A Lifetime Of Car Projects
Restoring an old car is hard work. There's plenty of obstacles. And it's even harder when you're trying to raise a family and working a full-time job. But we find ways to get it done.
When it comes to finding a good and reputable (and reasonably priced) restoration shop, you've probably heard more bad stories than good. This alone has led many of us down the path of buying tools, learning new skills, and doing as much work as we can by ourselves.
I've been restoring old cars and motorcycles for over 30 years, and I've documented both my successes and failures with each step of every project. So I know what works and what doesn't.
Although I've owned and restored many classic cars, I've never had the luxury of keeping more than one or two at a time. I'd buy them, restore them, drive them for a while, then sell them and move on to another project.
Learning To Weld
I learned to weld out of necessity. Back in the eighties, my first project car was a 1970 Chevy El Camino. It had rust spots everywhere and needed major sheet metal repair. Since I didn't have the money to pay someone to fix it, I enrolled in a vocational school and learned how to weld.
For 13 years, the old Camino was my work-horse and daily driver. With the exception of the hood and the roof, every panel needed rust repair. MIG welding is the easiest welding process to learn and is required for any automotive sheet metal work.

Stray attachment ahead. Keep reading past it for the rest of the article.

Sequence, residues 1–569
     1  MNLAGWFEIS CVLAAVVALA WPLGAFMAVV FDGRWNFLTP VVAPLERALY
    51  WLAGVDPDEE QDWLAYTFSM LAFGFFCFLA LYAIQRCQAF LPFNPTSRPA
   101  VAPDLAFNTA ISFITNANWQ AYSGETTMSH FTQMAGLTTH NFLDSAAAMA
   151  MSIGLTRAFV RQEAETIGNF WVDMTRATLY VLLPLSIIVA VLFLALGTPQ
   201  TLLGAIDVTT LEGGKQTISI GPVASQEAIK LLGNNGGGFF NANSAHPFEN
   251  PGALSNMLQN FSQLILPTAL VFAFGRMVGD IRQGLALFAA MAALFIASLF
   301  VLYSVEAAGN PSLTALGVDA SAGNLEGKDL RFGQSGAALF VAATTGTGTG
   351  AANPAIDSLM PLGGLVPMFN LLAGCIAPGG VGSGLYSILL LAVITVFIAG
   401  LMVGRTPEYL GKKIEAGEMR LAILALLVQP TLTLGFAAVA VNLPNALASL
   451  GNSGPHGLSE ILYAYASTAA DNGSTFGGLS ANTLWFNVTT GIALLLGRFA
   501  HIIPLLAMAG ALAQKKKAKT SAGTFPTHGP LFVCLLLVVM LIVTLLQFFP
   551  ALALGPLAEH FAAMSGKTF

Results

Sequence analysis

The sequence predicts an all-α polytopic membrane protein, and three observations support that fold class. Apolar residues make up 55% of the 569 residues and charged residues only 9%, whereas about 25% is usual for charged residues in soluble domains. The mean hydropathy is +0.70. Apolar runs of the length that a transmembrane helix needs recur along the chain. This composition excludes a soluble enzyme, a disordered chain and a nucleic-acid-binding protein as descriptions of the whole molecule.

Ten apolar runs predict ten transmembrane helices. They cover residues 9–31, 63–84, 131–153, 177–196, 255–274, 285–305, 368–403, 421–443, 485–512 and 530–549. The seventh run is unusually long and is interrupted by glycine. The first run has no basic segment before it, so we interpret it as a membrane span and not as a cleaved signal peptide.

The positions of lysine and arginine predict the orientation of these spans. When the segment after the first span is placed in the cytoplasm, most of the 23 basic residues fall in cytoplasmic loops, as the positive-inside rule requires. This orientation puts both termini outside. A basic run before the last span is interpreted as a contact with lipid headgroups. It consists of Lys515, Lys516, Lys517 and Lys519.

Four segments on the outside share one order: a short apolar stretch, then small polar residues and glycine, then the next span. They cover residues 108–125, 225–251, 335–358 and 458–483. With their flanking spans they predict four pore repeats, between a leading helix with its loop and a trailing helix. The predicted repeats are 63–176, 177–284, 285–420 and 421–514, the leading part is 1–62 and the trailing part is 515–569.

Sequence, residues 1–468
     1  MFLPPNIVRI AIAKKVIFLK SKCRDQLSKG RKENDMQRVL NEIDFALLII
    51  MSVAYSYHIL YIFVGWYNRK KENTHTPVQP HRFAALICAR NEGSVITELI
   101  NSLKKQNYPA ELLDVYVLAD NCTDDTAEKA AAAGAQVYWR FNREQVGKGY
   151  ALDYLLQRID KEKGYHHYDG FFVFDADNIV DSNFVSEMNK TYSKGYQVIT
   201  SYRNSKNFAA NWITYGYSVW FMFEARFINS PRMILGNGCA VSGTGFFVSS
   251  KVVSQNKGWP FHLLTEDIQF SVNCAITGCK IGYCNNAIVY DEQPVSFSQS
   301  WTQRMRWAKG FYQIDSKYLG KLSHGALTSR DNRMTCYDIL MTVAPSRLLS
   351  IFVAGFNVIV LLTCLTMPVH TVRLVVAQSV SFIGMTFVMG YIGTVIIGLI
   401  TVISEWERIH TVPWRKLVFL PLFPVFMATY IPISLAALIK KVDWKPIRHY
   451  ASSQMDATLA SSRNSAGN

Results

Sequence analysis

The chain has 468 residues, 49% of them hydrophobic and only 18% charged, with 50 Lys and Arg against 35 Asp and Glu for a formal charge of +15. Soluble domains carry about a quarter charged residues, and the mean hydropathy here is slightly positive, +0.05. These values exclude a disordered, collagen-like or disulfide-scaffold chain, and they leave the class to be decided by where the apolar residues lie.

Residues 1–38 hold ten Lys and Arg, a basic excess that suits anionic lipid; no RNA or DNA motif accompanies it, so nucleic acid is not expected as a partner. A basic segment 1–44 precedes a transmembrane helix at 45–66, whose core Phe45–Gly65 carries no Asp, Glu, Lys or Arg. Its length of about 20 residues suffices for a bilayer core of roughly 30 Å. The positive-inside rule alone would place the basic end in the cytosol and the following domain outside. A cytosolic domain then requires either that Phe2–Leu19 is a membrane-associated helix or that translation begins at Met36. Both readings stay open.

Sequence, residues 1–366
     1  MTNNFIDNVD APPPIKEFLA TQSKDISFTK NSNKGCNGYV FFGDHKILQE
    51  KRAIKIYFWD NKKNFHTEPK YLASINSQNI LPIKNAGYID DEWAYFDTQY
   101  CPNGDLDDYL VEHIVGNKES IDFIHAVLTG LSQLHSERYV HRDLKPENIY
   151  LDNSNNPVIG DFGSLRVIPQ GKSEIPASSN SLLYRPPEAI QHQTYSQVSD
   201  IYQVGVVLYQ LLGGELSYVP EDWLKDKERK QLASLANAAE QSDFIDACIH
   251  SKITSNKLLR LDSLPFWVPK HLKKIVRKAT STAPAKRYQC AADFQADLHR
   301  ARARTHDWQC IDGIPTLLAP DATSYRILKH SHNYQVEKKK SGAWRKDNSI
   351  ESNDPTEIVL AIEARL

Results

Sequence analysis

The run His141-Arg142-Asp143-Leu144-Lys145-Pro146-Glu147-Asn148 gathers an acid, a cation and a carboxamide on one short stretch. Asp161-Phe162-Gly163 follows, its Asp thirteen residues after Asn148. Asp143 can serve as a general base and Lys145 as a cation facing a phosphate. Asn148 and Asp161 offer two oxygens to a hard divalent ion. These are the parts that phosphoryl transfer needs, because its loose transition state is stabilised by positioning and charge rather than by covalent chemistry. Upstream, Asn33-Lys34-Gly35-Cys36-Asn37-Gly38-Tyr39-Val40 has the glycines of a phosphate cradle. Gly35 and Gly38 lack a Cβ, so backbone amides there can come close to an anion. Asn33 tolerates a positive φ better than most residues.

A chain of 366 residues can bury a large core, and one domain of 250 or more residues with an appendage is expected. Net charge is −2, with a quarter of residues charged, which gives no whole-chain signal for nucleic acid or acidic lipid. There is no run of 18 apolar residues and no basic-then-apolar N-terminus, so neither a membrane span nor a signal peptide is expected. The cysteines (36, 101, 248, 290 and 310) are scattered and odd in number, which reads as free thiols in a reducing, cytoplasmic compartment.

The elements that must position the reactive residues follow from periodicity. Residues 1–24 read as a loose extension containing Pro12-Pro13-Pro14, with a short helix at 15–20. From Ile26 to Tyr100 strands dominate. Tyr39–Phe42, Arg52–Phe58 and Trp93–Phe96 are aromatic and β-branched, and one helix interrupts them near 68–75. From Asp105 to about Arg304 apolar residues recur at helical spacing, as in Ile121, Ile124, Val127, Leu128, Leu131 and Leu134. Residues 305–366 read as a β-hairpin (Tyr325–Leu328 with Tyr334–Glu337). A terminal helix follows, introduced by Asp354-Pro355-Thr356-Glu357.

I have also restored several classic motorcycles. My latest project is a 1961 Harley-Davidson Servi-car.
Daily Driver Maintenance
If you're mechanically inclined, you're probably already doing your own vehicle maintenance. For some of us it's also a nice side gig. I have found that no matter how much you learn about computers and websites, someone will always ask you to fix their car !
Read: Daily Driver Maintenance
Aside from getting me back and forth to work faithfully and comfortably, my Ford Sport-Trac has transported bicycles, motorcycles, go karts, kayaks, lumber, mulch, furniture, kitchen appliances, engines, transmissions, tires, wheels, and on occasion has made a few trips to the local dump.
Read: Ford Sport Trac Review
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